Junior Explorers

Raptor Quest Activity Book

brochure Junior Explorers - Raptor Quest Activity Book

Raptor Quest Activity Book of Morley Nelson Snake River Birds of Prey National Conservation Area (NCA) in Idaho. Published by the Bureau of Land Management (BLM).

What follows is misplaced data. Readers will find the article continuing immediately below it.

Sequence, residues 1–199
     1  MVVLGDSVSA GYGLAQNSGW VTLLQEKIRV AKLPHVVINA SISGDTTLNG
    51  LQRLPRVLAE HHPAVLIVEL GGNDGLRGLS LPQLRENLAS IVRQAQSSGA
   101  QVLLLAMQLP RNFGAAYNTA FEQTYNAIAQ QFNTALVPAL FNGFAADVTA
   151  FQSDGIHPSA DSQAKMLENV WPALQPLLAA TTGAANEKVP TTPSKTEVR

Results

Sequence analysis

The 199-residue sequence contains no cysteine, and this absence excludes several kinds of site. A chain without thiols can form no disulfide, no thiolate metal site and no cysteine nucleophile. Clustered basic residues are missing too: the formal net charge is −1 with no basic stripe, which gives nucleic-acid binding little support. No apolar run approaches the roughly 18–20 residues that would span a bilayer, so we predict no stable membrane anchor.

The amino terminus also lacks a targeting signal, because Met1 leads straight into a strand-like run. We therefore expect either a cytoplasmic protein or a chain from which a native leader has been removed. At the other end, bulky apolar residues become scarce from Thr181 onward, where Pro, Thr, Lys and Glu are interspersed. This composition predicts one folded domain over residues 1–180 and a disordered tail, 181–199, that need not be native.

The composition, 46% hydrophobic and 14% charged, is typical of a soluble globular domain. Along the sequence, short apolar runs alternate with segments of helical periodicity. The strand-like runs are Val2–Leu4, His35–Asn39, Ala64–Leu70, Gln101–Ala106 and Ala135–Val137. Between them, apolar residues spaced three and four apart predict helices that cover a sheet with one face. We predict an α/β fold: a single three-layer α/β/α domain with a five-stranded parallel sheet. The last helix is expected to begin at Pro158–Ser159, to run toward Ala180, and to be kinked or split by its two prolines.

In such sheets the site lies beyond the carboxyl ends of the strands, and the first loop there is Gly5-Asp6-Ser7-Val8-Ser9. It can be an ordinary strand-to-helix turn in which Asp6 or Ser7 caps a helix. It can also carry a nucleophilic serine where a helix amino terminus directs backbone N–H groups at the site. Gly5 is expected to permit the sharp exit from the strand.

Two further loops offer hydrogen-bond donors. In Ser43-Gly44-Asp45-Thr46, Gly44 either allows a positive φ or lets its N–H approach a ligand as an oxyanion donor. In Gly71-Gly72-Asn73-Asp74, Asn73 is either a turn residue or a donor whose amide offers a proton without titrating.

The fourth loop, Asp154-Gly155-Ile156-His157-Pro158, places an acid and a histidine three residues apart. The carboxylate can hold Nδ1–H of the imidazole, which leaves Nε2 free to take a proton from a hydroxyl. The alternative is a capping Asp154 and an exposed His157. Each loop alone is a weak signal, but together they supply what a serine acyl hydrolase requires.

The Bureau of Land Management (BLM) works hard to make sure that the nation’s public lands are healthy for everyone to enjoy! The BLM and the World Center for Birds of Prey are informal partners, who share the goal of helping people appreciate raptors and understand their needs. Public lands are special! They offer great places to play and explore. They provide a home for many animal and plant species, as well as grazing for cattle, sheep, and horses. And they contain minerals for construction, energy, and other uses. Public lands fill many needs! This publication was produced by the Morley Nelson Snake River Birds of Prey National Conservation Area, with assistance from The Peregrine Fund. Additional copies may be obtained through the Bureau of Land Management, Boise District Office, by calling 208-384-3300 or writing the office at 3948 Development Avenue, Boise, ID, 83705. Publishing services by the BLM National Operations Center. 2014 BLM/ID-GI-14/007+1110 Hello, Junior Explorer . . . . . . . . . . . . . . . . . . . . . . . . . . . . . . . . . . . . . . . . . . . 1 Welcome to the World Center for Birds of Prey! . . . . . . . . . . . . . . . . . . . . . 2 Discovery Room . . . . . . . . . . . . . . . . . . . . . . . . . . . . . . . . . . . . . . . . . . . . 3 Conservation Room . . . . . . . . . . . . . . . . . . . . . . . . . . . . . . . . . . . . . . . . . 4 Bird Viewing Hall . . . . . . . . . . . . . . . . . . . . . . . . . . . . . . . . . . . . . . . . . . . . 5 Silhouette Hallway . . . . . . . . . . . . . . . . . . . . . . . . . . . . . . . . . . . . . . . . . . 5 Biology and Ecology Room . . . . . . . . . . . . . . . . . . . . . . . . . . . . . . . . . . . . 6 Get Ready To Explore Raptor Habitat! Morley Nelson Snake River Birds of Prey National Conservation Area . . . . . . . . . . . . . . . . . . . . . . . . . . . 8 Idaho Raptor Safari . . . . . . . . . . . . . . . . . . . . . . . . . . . . . . . . . . . . . . . . . . . . . 9 Raptor Guide . . . . . . . . . . . . . . . . . . . . . . . . . . . . . . . . . . . . . . . . . . . . . . 10 Idaho Raptor Safari Journal . . . . . . . . . . . . . . . . . . . . . . . . . . . . . . . . . . 11 The Route . . . . . . . . . . . . . . . . . . . . . . . . . . . . . . . . . . . . . . . . . . . . . . . . 15 The Map . . . . . . . . . . . . . . . . . . . . . . . . . . . . . . . . . . . . . . . . . . . . . . . . . . 16 Junior Explorer Guided Viewing . . . . . . . . . . . . . . . . . . . . . . . . . . . . . . . 17 Initial Point . . . . . . . . . . . . . . . . . . . . . . . . . . . . . . . . . . . . . . . . . . . . . . . . . . . 20 Meridians . . . . . . . . . . . . . . . . . . . . . . . . . . . . . . . . . . . . . . . . . . . . . . . . . 20 Put on Your Habitat Hat! . . . . . . . . . . . . . . . . . . . . . . . . . . . . . . . . . . . . 21 Dedication Point . . . . . . . . . . . . . . . . . . . . . . . . . . . . . . . . . . . . . . . . . . . . . . 22 The Living Is Not Easy for Desert Animals . . . . . . . . . . . . . . . . . . . . . . . 23 It’s Not Easy Being a Desert Plant Either . . . . . . . . . . . . . . . . . . . . . . . . 24 Come Meet the Natives! . . . . . . . . . . . . . . . . . . . . . . . . . . . . . . . . . . . . 25 You’re Stepping on Me! . . . . . . . . . . . . . . . . . . . . . . . . . . . . . . . . . . . . . 26 Put Your Habitat Hat Back On! . . . . . . . . . . . . . . . . . . . . . . . . . . . . . . . . 27 Don’t Overlook the Overlook! . . . . . . . . . . . . . . . . . . . . . . . . . . . . . . . . 28 A Beecham Lullaby . . . . . . . . . . . . . . . . . . . . . . . . . . . . . . . . . . . . . . . . . 29 Summary Activities Thinking about Birds of Prey . . . . . . . . . . . . . . . . . . . 30 Junior Explorer Pledge . . . . . . . . . . . . . . . . . . . . . . . . . . . . . . . . . . . . . . . . . 31 Volunteer To Help Raptors . . . . . . . . . . . . . . . . . . . . . . . . . . . . . . . . . . . . . . 33 i ii Junior Explorer, Get ready to have some fun—and to see live raptors! This booklet takes you first on a self-guided tour of the World Center for Birds of Prey. Here you can explore the exhibits and see these exciting birds up close. You can also learn what they need and what people are doing to protect them. Then you’re off on a field trip into the Morley Nelson Snake River Birds of Prey National Conservation Area (NCA). There you will hike to the top of an old volcano and walk to the rim of the Snake River Canyon. The NCA is a wonderful place to see birds of prey in the special raptor habitat that exists right here in Southwest Idaho. To become a Junior Explorer, visit the places in this book. While you are there, complete the activities for that location. Every activity marked by a D counts as one activity. Do as many of the 23 activities as you wish, but at least: Third Grade: World Center – 4 activities NCA – 4 activities 1 summary activity Fourth–Sixth Grade: World Center – 6 activities NCA – 6 activities 2 summary activities Junior Explorers and one accompanying adult each receive $1 off the regular entry fee at the World Center! We hope you’ll learn some new words, too! Look for the definitions of many words at the bottom of the page on which the word appears. Visiting the NCA is free! Once you have completed all the required activities, read and sign the pledge on page 31 and mail or bring it to: BLM Birds of Prey 3948 Development Avenue OR Boise, ID 83705 World Center for Birds of Prey 5668 West Flying Hawk Lane Boise, ID 83709 A raptor education specialist is standing by at both locations to check your work and to swear you in as an official Junior Explorer. You will then receive your Junior Explorer certificate and badge. If you mail in your booklet, we will check your work and return the booklet to you with your certificate and badge. If you visit both places in one day, remember to bring a lunch and plenty of water! Enjoy your exploration, and see you soon! HABITAT: A place that provides the food, water, and shelter that an animal needs to survive and safely raise its young. PREY: Mammals, birds, reptiles, amphibians, insects, and fish that are eaten by other animals for food. Raptors eat a variety of all prey. RAPTOR: A bird of prey with strong, powerful feet and sharp talons, a sharp-hooked beak, and excellent eyesight. 1 to the World Center for Birds of Prey! The World Center for Birds of Prey is also the headquarters of The Peregrine Fund, an organization created to make sure that peregrine falcons, as a species, continue to exist for many years. These magnificent birds were once in danger of dying off completely and becoming extinct. Such species are called “endangered species.” The Peregrine Fund’s special breeding program helped restore the peregrine falcon, and in 1999 it was removed from the U.S. Endangered Species List! Now, The Peregrine Fund helps other birds of prey, in this country and around the world. One endangered species—the California condor—is breeding new generations of birds here at the World Center. Once the young birds are ready to make it on their own, they will be released into the wild. Things To Do Here Velma Morrison Interpretive Center – take the Junior Explorer self-guided tour. Outside – walk a short trail for a fantastic view of the Boise Valley, where you might just spot raptors soaring along the ridgeline! Archives of Falconry – discover what it takes to be a “falconer” and to help conserve falcons around the globe. For more information, visit www.peregrinefund.org/vmic, call 208-362-8687, or email tfp@peregrinefund.org. 2 Discovery Room D Around the room there are three things that make a bird of prey different from other birds. Find them, try them on for yourself, and then write what those features are below: _____________________ _____________________ _____________________ You can also try on a pairs of wings! D In the feather collection, find an owl feather and a falcon feather. Notice the differences between the feathers, and draw each one below. Owl feathers are soft with fringy edges. A few feathers at the tip of the wing even have a notched edge, something like a comb. Owls’ wings are designed to muffle the sound of air flowing over them. An owl’s flight is almost silent—making it easier for this raptor to hear its prey and sneak up on it at night! Owl Feather Falcon Feather Mini-Scavenger Hunt: Look at the habitat wall in the back, and check off each of your discoveries. ___ a screech owl cavity nest inside a tree ___ burrowing owl eggs ___ a northern harrier nesting on the ground ___ a peregrine falcon nesting on a ledge ___ a bald eagle nest in a tree ___ a killdeer with eggs D 3 Conservation Room is the world d n u o r a tors aptors m for rap oisons. R p f o s A proble d kill kin to many s used to e e r id u c s ti o s p e ex ith p le. Or contact w nd peop a in s e p m o r o c c ven to may inated (e harmful m e r a t a n t o a c h l that is insects t ore at an anima t a e ). Read m y s a t e dor. m ll y u e b h t rom rnia-con f o f g li in a n c / o s ois project by lead p und.org/ f e in r g e r www.pe 1 D 2 Another big problem fo r raptors is loss of h abitat. As w e humans change the land to me et OUR needs—bu ilding hous e s and road planting cro s, ps, changin g the direction o f streams— the land is less able to support th e wildlife that once c alled it hom e. The Peregrine Fund is helping conserve the California condor through a special breeding program. Enjoy coloring the picture of this beautiful condor, as shown in the photo. 3 A third threat to raptors in the wild is power lines and towers. Raptors like to perch on the towers and sometimes even build their nests on them. If a bird touches two wires at the same time, and one wire is carrying electricity, the bird will be electrocuted and die. CODE ANSWERS: to look for prey to eat; to protect nests from predators Many existing power lines and towers are being modified, and new lines and towers are being built, to “raptor standards.” This means that the birds will no longer be able to touch two wires at the same time. Some organizations even build safe nesting platforms on or near utility poles for osprey and other raptors. D Why do raptors seek out high places, such as utility poles? Use the code below to discover why. 1 A 2 B 3 C 4 D 5 E 6 F 7 G 8 H 9 10 11 12 13 14 15 16 17 18 19 20 21 22 23 24 25 26 I J K L M N O P Q R S T U V W X Y Z 20 15 / 12 15 15 11 / 6 15 18 / 16 18 5 25 / 20 15 / 5 1 20 __ __ / __ __ __ __ / __ __ __ / __ __ __ __ / __ __ / __ __ __ 20 15 / 16 18 15 20 5 3 20 / 14 5 19 20 19 / 6 18 15 13 / 16 18 5 4 1 20 15 18 19 __ __ / __ __ __ __ __ __ __ / __ __ __ __ __ / __ __ __ __ / __ __ __ __ __ __ __ __ __ 4 Bird Viewing Hall D What’s your favorite bird in the hall? __________________ On the pie chart, circle what types of animals your bird eats. Circle the word below that describes how your bird is doing. Endangered Threatened Neither Silhouette Hallway D What bird am I? HINT: Use the key to the silhouettes in the hallway (outside the movie theater) to help you name the bird described. A bird that has a wingspan the same size as you: _____________________ A bird that can fly super-fast (look up!): _____________________________ The BIGGEST wingspan here belongs to: ____________________________ A bird that hunts at night: ________________________________________ CARRION: A dead animal. 5 ANSWERS: varies, based on how big YOU are; peregrine falcon; California condor; owl On the world map, mark an “X” where your bird normally lives. Biology and Ecology Room D Go to the big, electronic Migration Interactive Display and MATCH each of the birds to a description of their migration or locations by drawing a line: Bird Description Barn Owl You can find these birds in Greenland in the summer. Peregrine Falcon You probably cannot find many of these birds in Canada. Barn Swallow Look for these birds in Alaska in the summer, but not the winter. Turkey Vulture This bird seems to disappear from North America in the winter. Osprey This bird doesn’t really migrate at all. MIGRATION: The seasonal movement of animals, including birds, from one place to another. 6 D Go to the Glass Case Display of birds. Can you find the answers to complete this puzzle? Glass Case Crossword Puzzle ly. ns quick o ti c e ir ging d Across for chan t ht. il u b is ales. quiet flig , w d that ir lo s b and fem r A s o f le t a il 5. u m is b lors in ird that erent co iff d 7. A b s w fish. se. bird sho atching c is h in T s glass ca e e . z h 8 li t ia c in e bird sp can see ird you 10. This b T S E 2 3 L SMAL 11. The Fill out the puzzle while looking at the glass case of birds. Use the clues. 1 4 5 6 7 8 9 10 11 Down 1. T he 2. A BIGGEST bird y bi ou c 3. A rd that is b bird t uilt fo an see in ha the g r 4. T lass c his ge t is built f soaring (d ase. or hig rop t nder 6. A h i h e s nothe speed BIGG apost ER in r nam rophe 9. T many . e for ). his ge bi a nder is SM bird of pre rds of pre y. ALLER y. in ma ny bi rds o f prey . 7 ANSWERS: (Across) 5. sharp-shinned hawk; 7. barn owl; 8. American kestrel; 10. osprey; 11. flammulated owl (Down) 1. harpy eagle; 2. Swainson’s hawk; 3. peregrine falcon; 4. female; 6. raptor; 9. male Biology and Ecology Room (continued) Get Ready To Explore Raptor Habitat! Morley Nelson Snake River Birds of Prey National Conservation Area Now that you have learned what makes a bird a raptor, it’s time to go out into the—(take a deep breath for all these words!)—Morley Nelson Snake River Birds of Prey National Conservation Area. Whew! You can just call it the NCA, too. Congress made this a protected area in 1993 because its special ecosystem supports the highest number of birds of prey nesting in one location in the whole country! The activities in this section of the booklet show what it’s like to live as a raptor. If you’re Exploring the Outdoors Safely lucky, you’ll see different raptors living here in Before setting off on the two short hikes, take a full the wild! water bottle with you. Your adventure may be hot and dry, and no water is available. Watch your footing. The trail up to Initial Point is rocky. At Dedication Point, do not climb on the low barrier wall. It’s a long way to the bottom! If you see a rattlesnake while you are exploring, just observe it from a safe distance. D Listed below are the raptors you’re most likely to see. Find the birds first in the Raptor Guide on page 10, so you know what to look for! As you see each raptor in the wild, come back to this page and check it off the list. Year-round Birds: Migrating Birds: __Red-tailed Hawk __Northern Harrier __American Kestrel __Great Horned Owl __Golden Eagle __Prairie Falcon (present during Feb–Jul) __Turkey Vulture (present during Mar–Aug) __Burrowing Owl (present during Mar–Aug) __Osprey (present during Mar–Aug) __Ferruginous Hawk (present during Apr–Jul) __Swainson’s Hawk (present during Apr–Sep) Some raptors live in the NCA all year. Others are here only part of the year. It gets either too hot or too cold for them, or their food disappears! So when the Piute [pie-yoot] ground squirrel—favorite food of the prairie falcon—goes underground in early summer, the falcons migrate to other places where they can find other types of ground squirrels. ECOSYSTEM: An area where all the living organisms—animals, plants, and others—exist together because of how they relate to one another and their environment. 8 Idaho Raptor Safari! On this safari, you’ll take an inventory of raptors much as a biologist does—searching the landscape, ready to observe and record the wildlife you find. Tip: Look for raptors sitting on fenceposts, telephone poles/wires, power poles, and rock outcrops—anything that gives them a higher vantage point for hunting! But don’t forget to look on the ground, too. Use the journal provided on pages 12–13 to record what you see. There’s a sample page to guide you on page 11. Completing the Safari Journal counts as one activity in the NCA. Your safari will take you to Initial Point and Dedication Point. The latter is an especially good place to view raptors! At these locations, you can continue your safari on foot. Take some time to explore. Then do activities for that location while you are onsite. What You’ll Need The Map + binoculars + Raptor Guide + Safari Journal and pencil (colored pencils, optional) So W here Are T Best v hey? iewin g time and e s for r arly e aptor venin food. s are g , when Rapto early they a rs are morn and J re hu most ing une. I n a n Apr ting f ctive nests o i i l n r , the ; co mid-M arch, the ca me July, th y ’re incuba May, ey sta ting e nyon durin ggs in y out g the their fierce of the sun or lea heat. ve Let’s Go! 1 Ask your driver to set the odometer to zero. 2 Follow along on the Junior Explorer Guided Viewing pages (pages 17–19). 3 Use the Raptor Guide to help you identify the birds you see (page 10). 4 Record the birds you see in your Safari Journal (pages 12–13). INCUBATING: Sitting on eggs to hatch them by keeping them warm. INVENTORY: A detailed list. 9 ! D I’m kin g of t he wo rld Raptor Guide Raptors you may see. 10 Idaho Raptor Safari Journal Record the birds you observe by describing: Colors – on the body, wings, or tail, plus any markings on the head Shapes – long or short tail; broad or narrow wings; rounded or pointed wingtips Behavior – how the bird flies, where it is perching, whether it is eating anything Example: May 22nd Hot No 1:30pm about 85 degrees No Yes, slight breeze 15% Dedication Point It appeared grey brown on top, but creamy underneath except where the wing and body met. There it was darker brown. I noticed two stripes on its face. Its wings were long and pointy. Its tail was short. It was soaring back and forth in front of the cliffs. Then it soared over us and out over the desert. I looked at the photos on the Raptor Guide, and the bird was a prairie falcon! 11 12 13 14 Hello, Drivers! You should know – There are NO SERVICES in the NCA, so you should: • • • • Be sure you have a full tank of gas. Bring emergency supplies—mobile phone service is limited, and you must be prepared to handle situations on your own. Bring plenty of drinking water for everyone—especially in late spring through early fall, when it can be quite hot. Remind everyone before leaving the World Center that the next available restroom is a LONG way down the road (Dedication Point, Swan Falls Dam, and Celebration Park). If desired, cut out this page with The Route and, on the back, The Map. The Route All roads are paved except for a 2-mile (round trip) gravel section at the base of Initial Point. TO BEGIN: Set the odometer to zero! Start Right Right Right Left Right Left Right Left Left World Center for Birds of Prey Hollilynn Drive Pleasant Valley Road Ten Mile Creek Road South Cole Road Kuna Mora Road Cloverdale Road Poen Road Swan Falls Road Initial Point Road Left Swan Falls Road Odometer Miles 0.0 1.2 3.3 5.9 8.1 10.5 13.5 16.5 20.5 23.5 24.5 25.5 33.0 15 Additional sights/information Begin driving Gravel road to Initial Point Arrive at base of Initial Point; and return Arrive at Dedication Point The Map 16 Junior Explorer Guided Viewing D Follow along, and discover what there is to find along the journey! When you finish reading this Guided Viewing section, check (√) the box on the last page. MILE 0.0 As you leave the World Center, watch for raptors riding the uplift of air along the ridgeline. American kestrels— about the size of a robin—are quite common. MILE 1.2 Notice the stands of sagebrush to your left. Right Turn These native shrubs provide small animals and birds with food and places to hide. These animals in turn become prey for red-tailed hawks and northern harriers. Sagebrush has many chemical defenses in its leaves. You can smell this if you pick some leaves and roll them in your fingers. That’s nature’s hand sanitizer you’re smelling! MILE 3.3 Right Turn MILE 5.6 Consider taking a short side trip to the Wild Horse Corrals, Optional where you can see the BLM caring for the wild horses and burros Right Turn that symbolize the American West. Did you know? People can adopt wild horses and burros from the BLM. During the past 40 years, more than 190,000 horses and 36,000 burros have gone to good homes! 17 ? ? Junior Explorer Guided Viewing continued MILE 5.9 Look for raptors hunting the fields to your left, sitting on the Right Turn irrigation equipment, or even sitting on the ground. Look for northern harriers and red-tailed hawks. In spring, you might even see great horned owls nesting in one of the trees. Northern harriers have a long tail and hold their wings in a “V” when flying. Males are grey and white. Females are brown. Both have a white rump patch. At MILE 9.6 Red-tailed hawks have a red tail and are the most common raptors you’ll see here. Start looking for burrowing owls on fenceposts and on the ground (March–August). Small mounds of dirt may be the entrance to their burrows—or they can mark the homes of the Piute ground squirrel. MILE 10.5 Black plastic tubes served as the entrance to Right Turn human-made burrows for the owls in a 2002 study. (NW corner of the intersection, in the field behind the house.) MILE 13.5 Left Turn MILE 16.5 Right Turn 18 t In ee d a a t MILE 8.1 Left Turn a le h st o edr b e re om . Junior Explorer Guided Viewing continued At Look for the lone tree to the north of the road. MILE 19.8 Red-tailed hawks often use this tree as a nesting site. dators— s are pre r o t ting p a r , and ea g n Because li il k , those catching elp keep hunting, h y e h t ce. imals— hy balan other an lt a e h a ons in populati MILE 20.5 Left Turn MILE 23.5 One mile down this gravel road is Initial Point. There’s an observation deck on top, about a Left Turn 1/4 mile up the trail. Remember to complete some Junior Explorer activities from the Initial Point section of this booklet! MILE 25.5 Head back down the gravel road and turn left, in search of Dedication Point. Left Turn The Great Kern county Mouse War g A True Story In 1926 the farmers of Kern County, California, had a great harvest—the best in years! Left on the ground was stubble and scattered seed. By October, people began to notice mice—everywhere! The mice had bred in the stubble and fed on the scattered seeds. Soon there were even more mice, and they went looking for food in barns and houses. The people tried to poison the mice, but they kept coming. By early January the mice were pouring over the earth in ankle-deep waves, and the roads were carpeted with mice. A teacher opened her desk to have a dozen mice leap out. Mice occupied the principal’s office. Mice darted from classroom to classroom. What went wrong? For 20 years the people of Kern County had been killing predators—skunks, fox, badgers, weasels, snakes, owls, and hawks. For 20 years the mice had multiplied freely. With the bumper crop of food in 1926, the mouse population exploded until the food ran out. Then TENS OF MILLIONS OF MICE found they had to migrate or starve. By mid-January they covered an area of 96 square miles! After 4 months this “war” was finally won but at a cost in crop and property damage of about $1 million—all because of the lack of predators. MILE 33.0 You’ve arrived at Dedication Point! Walk the short trail to the overlook, and Right Turn keep an eye out for prairie falcons, red-tailed hawks, and turkey vultures. Bring your Junior Explorer book, and have fun completing some of the activities! ____ Check (√) here to show that you read the Guided Viewing section. 19 Initial Point Initial Point looms out of the desert and offers panoramic views of the Owyhee [O-WHY-hee] Mountains and the Boise Front. In 1867 the U.S. Geological Survey established a brass marker on top of this prominent but small volcano. Early surveyors stood right here and mapped EVERY PIECE OF LAND in the state from this marker! D Walk to the top of Initial Point and find the marker. Sketch it here. Meridians Long ago, people found places that they wanted to visit by using the stars and specialized tools. Today, it’s popular to use GPS (Global Positioning System) units to find where you’re going. GPS can tell anyone in the world the exact location of a place by using longitude and latitude lines—imaginary lines that circle the Earth. Meridians circle the Earth vertically and show longitude. The horizontal lines show latitude and are called “baselines.” The meridians that you see marked on globes are called “principal meridians.” One, the Boise Meridian, runs right through Initial Point! Meridian Road and Meridian (the town) also lie on the Boise Meridian. Look toward Kuna, and you can see Meridian Road coming straight at you! SURVEYOR: Someone whose job is to determine boundaries and elevations of land areas and structures. 20 Put on Your Habitat Hat! Look at the desert around you. It may seem empty, but it is FULL of something that is absolutely essential to birds of prey. You see, if they are to eat, their prey have to eat, too. And the plants that grow here supply both food and shelter for large populations of ground squirrels and jackrabbits—the main food sources of raptors here in the NCA. This area of Idaho lies in a vast, grass-covered plain called a steppe [step]. Sagebrush-steppe, to be specific. Here you’ll find: • • • Low-growing shrubs (mostly sagebrush) Bunchgrasses (grasses that grow in clumps) Forbs (flowering plants with soft stems) The pie chart shows how much of each plant group is normal for healthy sagebrush-steppe habitat. Is this what you see? D Sagebrush – Steppe Plants 15% Forbs 35% Shrubs Fill in the blank pie chart with your estimates of the different plant types you see. Forbs are hard to see from this distance, so look for cheatgrass instead. Cheatgrass is a nonnative grass that grows in a continuous mat, much like a lawn. 50% Bunchgrasses Why the big difference between the two charts? Most of the area around Initial Point has burned in wildfires since the late 1980s. Many shrubs and bunchgrasses did not grow back after the fires. Instead, nonnative invasive grasses, such as cheatgrass, moved in, crowding out the native plants. What I see. Cheatgrass Forbs Bunchgrasses Shrubs Cheatgrass When you get to Dedication Point, you will see an area that looks more like a healthy sagebrush-steppe habitat should look. 21 Dedication Point Welcome to Dedication Point, the overlook of the magnificent Snake River Canyon! Look as far and as wide as you can see, and imagine thousands of creatures living here. They’re out there! Some you may see; others may be harder to find. D Unscramble the letters below to discover who calls the NCA home. Hint: Look at pictures on this page and the next for clues. Z D A L I R ____ ____ ____ ____ ____ ____ B J I B A R C A T K ____ ____ ____ ____ ____ ____ ____ ____ ____ ____ ANSWERS: (top to bottom) lizard; jackrabbit; coyote; badger; ground squirrel C T Y O E O ____ ____ ____ ____ ____ ____ D A G B R E ____ ____ ____ ____ ____ ____ N U D R O G L E S R I U Q R ____ ____ ____ ____ ____ ____ ____ ____ ____ ____ ____ ____ ____ ____ 22 Desert animals have developed adaptations to live in this hot, dry environment, through things they do or through their body features. D Write the number of the adaptation in the circle beside the animal that it describes. 1. Seeks shelter in burrows during the heat of the day. Hint: This animal is the favorite food of prairie falcons. 2. Has big ears that release body heat when resting in a cool, shady location. Hint: This animal Snake is the favorite food of golden eagles. 3. Raven They straighten out their legs to move their hard, dark bodies away from the hot ground. Hint: They are very small. 4. Has thick, scaly skin to reduce water loss. Hint: This animal has no arms or legs. 5. Antelope Piute Ground Squirrel Gets most of the water it needs from the animals it eats. Hint: This animal catches prey with its talons. 6. Is active at night, when it’s cooler. Hint: This animal is known for being fierce. Insects 7. Coyote Has no sweat glands, and so does not lose water by sweating when flying or moving around. Hint: Though it is a predator, this animal is not a raptor. 8. Eats plants that contain water. Hint: There are “two animals” in its name. Badger 9. Has a light-colored coat that reflects the light instead of a dark coat that would absorb the sun’s heat. Hint: This animal is a type of wild dog. 10. Travels great distances on its strong legs to find water in rivers and streams. Raptor Kangaroo Rat Hint: This is the fastest animal in North America. ADAPTATION: A characteristic or behavior that a species has acquired over a long period of time that makes it suited to the habitat in which it lives. BURROW: A hole or tunnel that a small animal digs in the ground so it can live or hide there. 23 Jackrabbit ANSWERS: (left side, top to bottom) 7; 10; 3; 6; 5 (right side, top to bottom) 4; 1; 9; 8; 2 The Living Is Not Easy for Desert Animals It’s Not Easy Being a Desert Plant Either Walk to the first bench past the gazebo. Hey, are you thirsty? The plants here get very thirsty, too! But they have tricks—adaptations—for holding onto the water that comes their way. Some have a thick, waxy covering to make it harder for water to escape. Most desert plants have very small leaves, which lose less water than larger leaves would. Some grow tiny leaf hairs that reflect the sun and keep them cooler. Some multitaskers use a tap root to pull moisture from deep in the soil and use shallow roots to absorb rainfall or snowmelt. At midday—the hottest time of day—many plants “roll up” their leaves to reduce water loss from exposure to sun and wind. We all know that plants don’t just sit there, right? They have work to do. It’s called photosynthesis [foto-SIN-the-sis]: They transform light energy from the sun into chemical energy to feed themselves and grow bigger and stronger. So if you were a thirsty desert plan, and could work the day shift or the night shift, which would you pick? Many plants choose to work at night when it’s cooler, photosynthesizing the sunlight they stored during the heat of the day. 24 Come Meet the Natives! D Walk the trail through the shrubs and try to find four different types of shrubs and one grass. Match each plant you see to one of the Clue Sets shown on this page. Then use the number key to fill in the letters that will reveal the name of the shrub. Number Key 2–a 4–b 6–c 8–e 10 – f 12 – g 14 – h 16 – i 18 – m 20 – n 22 – o 24 – p 26 – r 28 – s 30 – t 32 – u 34 – w 36 – y Clue Set 1 My leaves are small and covered with tiny